He himself had no doubt it did much harm.
But what he said about the state of the economy does ring true.
Slowdown seems irreversible at least in the near future.
Basically, the reason is two-fold.
One, lack of domestic demand and, two, a slowing global economy.
In fact, we are fortunate to have crude oil prices ruling at historic lows. Otherwise, the fiscal situation would have been worse.
But we are still to overcome the coronavirus challenge.
Despite the relaxation in the lockdown, or more likely because of it, the number of infections is rising daily.
Mumbai, the financial capital, and Delhi, the political capital, are both in a particularly severe grip of the virus.
State governments in both metropolises seem unable to cope with the challenge.
With millions of migrant workers trekking back home, such industries which may be in a position to restart are handicapped by the lack of enough working hands.
The sharp rise in demand for work under the national rural employment guarantee scheme shows the changed mood of the unskilled working-age population.
It would rather earn less but try and stay closer to its native place than move thousands of miles away in search of work.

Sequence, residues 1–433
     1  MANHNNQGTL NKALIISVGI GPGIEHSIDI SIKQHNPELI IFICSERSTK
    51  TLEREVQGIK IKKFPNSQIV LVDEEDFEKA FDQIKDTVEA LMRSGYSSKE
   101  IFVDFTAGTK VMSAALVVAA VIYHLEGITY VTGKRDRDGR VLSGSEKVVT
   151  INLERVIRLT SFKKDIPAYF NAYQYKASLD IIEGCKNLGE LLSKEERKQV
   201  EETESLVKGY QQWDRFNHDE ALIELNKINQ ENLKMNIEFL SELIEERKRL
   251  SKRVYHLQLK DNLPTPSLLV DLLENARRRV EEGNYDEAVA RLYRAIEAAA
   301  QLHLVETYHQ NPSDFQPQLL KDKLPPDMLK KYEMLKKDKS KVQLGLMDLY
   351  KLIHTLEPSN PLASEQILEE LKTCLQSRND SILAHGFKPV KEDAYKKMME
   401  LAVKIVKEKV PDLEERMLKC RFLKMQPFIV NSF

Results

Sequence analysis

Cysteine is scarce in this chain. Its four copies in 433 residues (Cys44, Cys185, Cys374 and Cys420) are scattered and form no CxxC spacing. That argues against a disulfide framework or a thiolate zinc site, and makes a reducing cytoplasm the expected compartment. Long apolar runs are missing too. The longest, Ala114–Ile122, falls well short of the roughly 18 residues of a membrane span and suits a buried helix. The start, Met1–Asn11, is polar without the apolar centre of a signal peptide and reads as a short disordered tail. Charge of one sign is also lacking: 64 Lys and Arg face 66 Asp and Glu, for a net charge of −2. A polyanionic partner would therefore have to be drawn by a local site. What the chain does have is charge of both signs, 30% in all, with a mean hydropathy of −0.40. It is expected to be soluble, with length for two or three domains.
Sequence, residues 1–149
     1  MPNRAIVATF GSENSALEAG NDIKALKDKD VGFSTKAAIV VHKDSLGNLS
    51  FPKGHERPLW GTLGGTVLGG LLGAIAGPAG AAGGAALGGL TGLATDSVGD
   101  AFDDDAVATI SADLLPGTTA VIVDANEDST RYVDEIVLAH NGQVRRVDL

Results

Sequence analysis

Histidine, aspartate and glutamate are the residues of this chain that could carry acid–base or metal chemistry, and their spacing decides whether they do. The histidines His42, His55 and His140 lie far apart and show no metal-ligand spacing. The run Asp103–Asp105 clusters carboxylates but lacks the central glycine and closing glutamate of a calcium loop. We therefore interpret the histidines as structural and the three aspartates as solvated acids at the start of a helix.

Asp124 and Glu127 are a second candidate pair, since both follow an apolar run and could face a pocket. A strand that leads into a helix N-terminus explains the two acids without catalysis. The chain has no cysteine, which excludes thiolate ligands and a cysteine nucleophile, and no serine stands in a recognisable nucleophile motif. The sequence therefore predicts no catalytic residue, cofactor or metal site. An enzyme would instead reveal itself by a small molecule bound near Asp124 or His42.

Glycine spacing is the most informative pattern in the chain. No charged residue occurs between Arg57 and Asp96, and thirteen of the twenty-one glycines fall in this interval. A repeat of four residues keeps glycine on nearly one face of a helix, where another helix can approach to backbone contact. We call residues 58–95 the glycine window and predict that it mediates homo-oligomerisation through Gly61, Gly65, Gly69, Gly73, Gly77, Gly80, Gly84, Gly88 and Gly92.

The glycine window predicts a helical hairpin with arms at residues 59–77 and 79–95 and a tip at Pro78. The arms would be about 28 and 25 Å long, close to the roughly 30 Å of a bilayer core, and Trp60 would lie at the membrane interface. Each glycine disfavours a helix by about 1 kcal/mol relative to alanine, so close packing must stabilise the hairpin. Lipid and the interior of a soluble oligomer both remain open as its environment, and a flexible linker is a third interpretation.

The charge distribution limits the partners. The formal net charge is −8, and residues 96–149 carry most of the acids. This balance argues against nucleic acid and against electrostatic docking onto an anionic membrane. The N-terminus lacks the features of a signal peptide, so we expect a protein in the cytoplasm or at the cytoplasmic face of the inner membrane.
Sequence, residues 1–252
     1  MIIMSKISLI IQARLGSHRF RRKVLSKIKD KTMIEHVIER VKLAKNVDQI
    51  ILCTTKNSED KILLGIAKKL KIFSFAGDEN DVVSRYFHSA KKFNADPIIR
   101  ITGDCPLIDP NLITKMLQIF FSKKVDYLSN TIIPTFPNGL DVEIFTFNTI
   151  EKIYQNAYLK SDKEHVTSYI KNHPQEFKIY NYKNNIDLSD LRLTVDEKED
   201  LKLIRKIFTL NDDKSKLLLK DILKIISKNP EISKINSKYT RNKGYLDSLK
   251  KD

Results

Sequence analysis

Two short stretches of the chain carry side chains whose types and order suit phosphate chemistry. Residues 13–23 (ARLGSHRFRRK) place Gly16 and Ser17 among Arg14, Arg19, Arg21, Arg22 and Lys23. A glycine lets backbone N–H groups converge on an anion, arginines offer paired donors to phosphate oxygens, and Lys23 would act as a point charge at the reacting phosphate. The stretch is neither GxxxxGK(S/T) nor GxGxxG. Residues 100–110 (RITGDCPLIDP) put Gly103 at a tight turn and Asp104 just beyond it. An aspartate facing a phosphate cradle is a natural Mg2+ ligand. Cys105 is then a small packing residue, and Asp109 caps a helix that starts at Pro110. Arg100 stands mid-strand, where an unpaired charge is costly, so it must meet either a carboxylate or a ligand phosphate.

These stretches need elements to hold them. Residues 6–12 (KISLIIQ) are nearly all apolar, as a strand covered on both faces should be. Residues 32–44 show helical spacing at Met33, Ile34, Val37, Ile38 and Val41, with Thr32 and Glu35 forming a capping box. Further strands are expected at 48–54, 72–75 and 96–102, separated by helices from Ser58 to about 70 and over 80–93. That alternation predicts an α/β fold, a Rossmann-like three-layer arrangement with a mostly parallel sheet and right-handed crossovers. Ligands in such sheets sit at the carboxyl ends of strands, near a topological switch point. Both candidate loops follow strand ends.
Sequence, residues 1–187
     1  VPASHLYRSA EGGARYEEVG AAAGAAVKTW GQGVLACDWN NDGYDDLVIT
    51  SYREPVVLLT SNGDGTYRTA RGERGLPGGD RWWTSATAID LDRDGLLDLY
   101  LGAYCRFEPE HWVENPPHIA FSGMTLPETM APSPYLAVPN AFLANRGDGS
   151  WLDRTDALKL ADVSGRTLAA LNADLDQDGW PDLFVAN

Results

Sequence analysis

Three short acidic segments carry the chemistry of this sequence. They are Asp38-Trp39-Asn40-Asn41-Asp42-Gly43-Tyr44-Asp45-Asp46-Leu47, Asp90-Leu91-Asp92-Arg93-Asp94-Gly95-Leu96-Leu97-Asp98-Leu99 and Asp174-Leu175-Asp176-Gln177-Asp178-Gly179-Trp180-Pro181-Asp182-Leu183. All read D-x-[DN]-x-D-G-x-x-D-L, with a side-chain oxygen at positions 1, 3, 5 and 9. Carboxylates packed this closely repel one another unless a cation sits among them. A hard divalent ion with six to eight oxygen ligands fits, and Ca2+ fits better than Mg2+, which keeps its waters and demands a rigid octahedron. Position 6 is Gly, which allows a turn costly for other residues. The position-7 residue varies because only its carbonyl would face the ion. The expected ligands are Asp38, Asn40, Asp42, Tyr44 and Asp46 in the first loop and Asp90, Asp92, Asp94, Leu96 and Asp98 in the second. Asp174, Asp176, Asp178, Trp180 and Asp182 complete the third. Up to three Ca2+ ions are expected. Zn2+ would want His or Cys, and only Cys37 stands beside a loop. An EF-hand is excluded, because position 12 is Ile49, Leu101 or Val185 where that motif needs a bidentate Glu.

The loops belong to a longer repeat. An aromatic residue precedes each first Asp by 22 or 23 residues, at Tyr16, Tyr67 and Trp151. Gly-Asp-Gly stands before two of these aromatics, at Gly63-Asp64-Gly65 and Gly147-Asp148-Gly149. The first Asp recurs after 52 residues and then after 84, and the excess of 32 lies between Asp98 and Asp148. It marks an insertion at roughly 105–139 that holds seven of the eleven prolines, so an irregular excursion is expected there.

And thus face unforeseen crises such as the one the pandemic shut-down of the economy has inflicted upon them.
There is a psychological comfort being close to one's near and dear ones even if the income is relatively meager.
Not that the economic conditions in urban centrs are much better.
Despite the reopening, markets wear a deserted look, the fear of the virus and the uncertainty of assured income has choked demand.
People are conserving their savings. Discretionary spending is out.
The downgrade of the country's sovereign debt rating by Moody's further confirms the economic downturn.
Despite an unprecedented level of liquidity sloshing around in the economy, there are hardly any borrowers.
Investors are dissuaded by the adverse business environment.
The promise of land, labour and other long overdue reforms in the so-called economic salvage package do not impress investors.